The hacker way requires quick releases but also making sure to learn from fast iterations so that the software released can get better and better and improve exponentially.

As Mark Zuckerberg pointed out at the time, “done is better than perfect.”

And according to him, a hacker doesn’t spend days discussing ideas. Rather it prototypes and tests to see if it works. Back in the days (not sure if that is still used) at Facebook, the say “code wins arguments” got used over and over.

It is important to remark that this hacker way was born in the software world, and it thrived in the digital economy.

That’s because in the bits world, by definition, releasing something might carry a lower cost when done at a smaller scale.

However, as a company grows and it acquires scale, it is vital that it moves away from a minimum viable product to an exceptionally viable product.

Indeed, the hacker mindset might be critical to challenging the status quo. But when you’ve become the status quo, the cost that a failed product might have on your brand might be greater than the benefits of iterating that product with its users.

That is also why in one way, Facebook moved from “move fast and break things” to “move fast with stable infrastructure.” The cost of making mistakes increases exponentially with scale. And cleaning up after the mess created by a failure might be too large to deal with.

Conclusions and the pillars of Facebook’s business strategy

To conclude, Facebook’s business strategy pillars move around five key elements:

  • Focus on impact
  • Move fast
  • Be bold
  • Be open
  • Build social value

While these pillars remain important to Facebook’s overall strategy, they might have also changed along with Facebook’s massive scale and growth.

Related Visual Stories

Who Owns Facebook

who-owns-meta
Facebook, rebranded as Meta in 2021, is primarily owned by Mark Zuckerberg, founder and CEO. Zuckerberg keeps tight control over the ownership and decision-making of the company. Other large individual shareholders comprise former COO Sheryl Sandberg and co-founder Eduardo Saverin. Large institutional investors include BlackRock, Vanguard, and Fidelity.

Facebook Business Model

facebook-business-model
Facebook, the main product of Meta is an attention merchant. As such, its algorithms condense the attention of over 2.91 billion monthly active users as of June 2021. Meta generated $117.9 billion in revenues, in 2021, of which $114.9 billion from advertising (97.4% of the total revenues) and over $2.2 billion from Reality Labs (the augmented and virtual reality products arm).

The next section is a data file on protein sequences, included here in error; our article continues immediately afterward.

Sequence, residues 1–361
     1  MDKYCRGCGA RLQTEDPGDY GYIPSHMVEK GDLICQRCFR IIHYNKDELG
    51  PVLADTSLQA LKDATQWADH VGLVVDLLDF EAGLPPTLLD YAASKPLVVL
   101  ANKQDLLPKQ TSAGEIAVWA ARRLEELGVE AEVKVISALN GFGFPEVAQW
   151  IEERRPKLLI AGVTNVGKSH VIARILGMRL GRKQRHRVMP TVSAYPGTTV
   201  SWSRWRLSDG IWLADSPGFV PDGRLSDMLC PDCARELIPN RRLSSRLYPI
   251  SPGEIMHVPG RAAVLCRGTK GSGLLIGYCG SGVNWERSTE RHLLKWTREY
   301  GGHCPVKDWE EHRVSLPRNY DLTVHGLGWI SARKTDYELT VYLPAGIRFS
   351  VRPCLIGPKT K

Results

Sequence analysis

Facebook Revenue Breakdown

facebook-revenue-breakdown

Facebook Revenues

facebook-revenues

Facebook Employees

facebook-employees-number

Facebook Revenue Per Employee

facebook-revenue-per-employee
In 2022, post layoffs, Facebook generated $1,535,056 per employee, compared to $1,638,586 in 2021.

Facebook MAU

facebook-users

Facebook ARPU

facebook-arpu-breakdown
ARPU, or average revenue per user, is a key metric for attention merchants like Facebook. It assesses the ability of the platform to monetize its users. For instance, by the end of 2022, Meta’s ARPU worldwide was $10.86. While in US & Canada, it was $58.77; in Europe, it was $17.29; in Asia, $4.61 and in the rest of the world, it was $3.52.

Facebook ARPU 2010-2022

facebook-arpu
The ARPU, or average revenue per user, is a key metric to track the success of Facebook – now Meta – family of products. For instance, by the end of 2022, Meta’s ARPU worldwide was $10.86. While in US & Canada, it was $58.77; in Europe, it was $17.29; in Asia, $4.61 and in the rest of the world, it was $3.52.

Facebook Profitability

facebook-profitability

Reality Labs

facebook-losses
As of September 2022, Facebook, rebranded as Meta, is a profitable company, generating $18.54B in net profits. Yet, if we look at its Reality Labs segment, which is in charge of building the Metaverse, it recorded a net loss of $9.44 billion in the first nine months of 2022.

Instagram Business Model

instagram-business-model
Instagram makes money via visual advertising. Acquired by Facebook for a billion-dollar in 2012, today, Instagram is integrated into the overall Facebook (now rebranded as Meta) business strategy. In 2018, Instagram founders Kevin Systrom and Mike Krieger left the company as Facebook pushed toward tighter integration of the two platforms. In 2022, Instagram is the most successful product still, in Meta’s portfolio.

WhatsApp Business Model

how-does-whatsapp-make-money
Founded in 2009 by Brian Acton, Jan Koum WhatsApp is a messaging app acquired by Facebook in 2014 for $19B. In 2018 WhatsApp rolled out customers’ interaction services, starting to make money on slow responses from companies. And Facebook also announced conversations on WhatsApp prompted by Facebook Ads.